I will never forget the words that escaped her lips that day as she looked me right in the eye and quietly said , “I bet you know all the right words.” I only remember the tears coursing down my face as I remember how those words pierced my heart, like the Bible says, like a sword, dividing the soul and the spirit. This was a memorable moment, a moment when God used her gentle way, to become His mouthpiece, speaking His truth directly into my heart. She could have never guessed, that only days before, I’d read similar words straight from Jesus mouth to my heart. He’d once spoken them to His disciples, but that day the words were there just for me. “…My word makes no progress in you.” On that day, I knew there were things that had never taken the journey from my head to my heart. Despite all the study and well written papers as evidence of my head knowledge of Biblical material, it appeared my heart had not been informed of the freedom that was to be gained once the Word truly made progress within.

My mentor had not only spoken what God revealed to her heart but she had exhibited the kind of love that would open my heart to receive the truth. I knew God was confirming there were some very important truths I had simply given mental assent to in Word of God. My heart had not yet fully accepted and believed the single most important truth of His Word, the depth of His approval, acceptance and love for me. There had been no “you need to, should haves, or you could try these steps,” coming from my mentor’s lips, only a willing vessel being used to speak the truth without reproach.

While my resume will show I have a Masters Degree in theology, my own personal understanding of what God had done for me, in and through Jesus Christ, was still somehow lacking. My inability to let go of my past failures and a heavy burden of guilt and shame, left me with an improper image of self and God. From the “God is love” verse of Sunday School days and my picture of the kind Jesus with the halo around his smiling face, I realized the face I saw now was one of disappointment and disdain. My heart had never fully accepted the words of  II Corinthians 5:19.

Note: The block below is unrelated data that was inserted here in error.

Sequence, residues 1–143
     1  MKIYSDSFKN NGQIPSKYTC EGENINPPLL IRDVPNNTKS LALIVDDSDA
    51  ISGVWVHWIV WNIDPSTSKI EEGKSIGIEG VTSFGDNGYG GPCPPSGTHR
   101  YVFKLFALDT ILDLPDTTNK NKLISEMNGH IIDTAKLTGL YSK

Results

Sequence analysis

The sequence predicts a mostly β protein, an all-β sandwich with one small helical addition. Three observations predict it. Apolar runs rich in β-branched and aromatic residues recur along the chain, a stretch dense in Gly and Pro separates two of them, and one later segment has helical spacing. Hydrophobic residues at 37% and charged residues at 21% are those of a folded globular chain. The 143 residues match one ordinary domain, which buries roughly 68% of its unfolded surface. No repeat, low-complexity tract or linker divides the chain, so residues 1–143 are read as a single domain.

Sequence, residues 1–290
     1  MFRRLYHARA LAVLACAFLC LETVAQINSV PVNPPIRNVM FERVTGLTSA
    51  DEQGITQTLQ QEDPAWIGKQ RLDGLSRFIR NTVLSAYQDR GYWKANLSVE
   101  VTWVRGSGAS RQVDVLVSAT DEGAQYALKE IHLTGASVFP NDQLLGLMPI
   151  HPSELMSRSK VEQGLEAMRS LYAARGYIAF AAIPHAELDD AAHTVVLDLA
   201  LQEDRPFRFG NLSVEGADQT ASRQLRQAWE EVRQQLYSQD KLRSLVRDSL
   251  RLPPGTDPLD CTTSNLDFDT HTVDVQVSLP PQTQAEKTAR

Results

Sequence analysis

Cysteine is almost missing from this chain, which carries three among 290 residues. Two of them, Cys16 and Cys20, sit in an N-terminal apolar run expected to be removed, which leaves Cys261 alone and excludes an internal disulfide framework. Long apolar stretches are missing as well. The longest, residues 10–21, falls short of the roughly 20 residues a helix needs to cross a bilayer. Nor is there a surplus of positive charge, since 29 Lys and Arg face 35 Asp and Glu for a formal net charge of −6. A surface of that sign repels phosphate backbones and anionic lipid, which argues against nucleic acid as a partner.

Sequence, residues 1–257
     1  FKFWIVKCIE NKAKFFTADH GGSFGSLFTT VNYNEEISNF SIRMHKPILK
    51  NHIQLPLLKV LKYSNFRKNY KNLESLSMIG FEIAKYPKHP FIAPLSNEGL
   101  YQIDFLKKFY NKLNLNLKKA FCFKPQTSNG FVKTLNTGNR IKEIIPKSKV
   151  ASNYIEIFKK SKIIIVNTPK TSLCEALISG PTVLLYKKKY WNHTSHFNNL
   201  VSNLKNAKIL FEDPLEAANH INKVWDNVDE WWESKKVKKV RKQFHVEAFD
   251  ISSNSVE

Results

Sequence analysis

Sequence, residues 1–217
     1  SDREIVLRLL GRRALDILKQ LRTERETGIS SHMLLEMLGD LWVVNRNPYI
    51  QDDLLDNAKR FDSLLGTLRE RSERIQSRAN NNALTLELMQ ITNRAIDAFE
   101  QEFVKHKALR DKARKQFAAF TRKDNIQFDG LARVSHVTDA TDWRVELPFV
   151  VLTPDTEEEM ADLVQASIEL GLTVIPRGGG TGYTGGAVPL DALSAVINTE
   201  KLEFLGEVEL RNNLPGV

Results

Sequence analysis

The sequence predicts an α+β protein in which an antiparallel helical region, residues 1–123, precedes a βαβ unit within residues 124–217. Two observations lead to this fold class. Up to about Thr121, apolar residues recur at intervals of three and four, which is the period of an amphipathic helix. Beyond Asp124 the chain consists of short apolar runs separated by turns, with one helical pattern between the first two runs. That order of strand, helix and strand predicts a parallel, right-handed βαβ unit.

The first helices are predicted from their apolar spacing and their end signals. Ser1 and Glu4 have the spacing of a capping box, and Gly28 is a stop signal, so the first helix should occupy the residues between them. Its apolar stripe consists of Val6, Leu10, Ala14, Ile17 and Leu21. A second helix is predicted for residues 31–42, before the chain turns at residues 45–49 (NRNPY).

“It was God [personally present] in Christ, reconciling and restoring the world to favor with Himself, not counting up and holding against {men} their trespasses [but cancelling them]…”

As I sat across the table from this beautiful woman who opened her heart to be my friend, God opened my eyes to the fear I’d had in my relationship with God. In Genesis 3:8, we read of Adam and Eve’s response to God after their sinful rebellion.

“And they heard the sound of the Lord God walking in the garden in the cool of the day, and Adam and his wife hid themselves from the presence of the Lord God among the trees of the garden.”

In an environment where God had surrounded them with His provision, His presence and loving communion, they hid themselves from the very One in whose image they’d been created. In verse 10, it continues with the following words, “I was afraid because I was naked; and I hid myself.”

 I felt ashamed and filled with disappointment in myself. I was carrying a load of guilt, shame and reproach for past and present failures and fearing the same would dominate my future.

As the weeks have passed, my mentor and I have spoken about our family heritage, legacies we want to leave behind to our children and simple things like cooking, picture taking and caring for our families. The friendship is growing and changing as  my heart continues to unfold to trust someone who has listened to some of my deepest failures without a pointing finger or any fear of condemnation.

I’ve grown to love my new friend, specially chosen, and sent to me when I reached out for help.  I realize my greatest need, at my lowest point, was someone to represent Jesus. I needed someone who could point me back to the Only perfect one. No fingers pointing in judgment were necessary.   It was never about how my mentor could share her journey with me, make suggestions or tell me the five step plan for finding the answers. She loved me right where I was, accepted me fully and became my friend. In a very simple way she pointed me back to the God who is love.

When my mentor told me she had come as my friend that day, I was strengthened to make the journey back to the heart of God. I’m guessing she doesn’t realize just how much she represented the Savior to me over the last months. I’m sure she wouldn’t know that hearing a certain song at church made me think of her. But then, someone like my new friend, who becomes the love of Christ to one who is hurting would perhaps never suspect the impact they’ve had on another person’s life as she has mine.

It’s with a heart of deep gratitude I wrote this for my mentor, Kay, and for my Savior for finding me such a special friend.

There is no guilt here
There is no shame
No pointing fingers
There is no blame
What happened yesterday has disappeared
The dirt has washed away
And now it’s clear
There’s only grace
There’s only love,
There’s only mercy and believe me it’s enough
Your sins are gone
Without a trace
And there’s nothing left now
There’s only grace.
And if you should fall again
Get back up, get back up
Reach out and take my hand
And get back up again.
I love you Kay!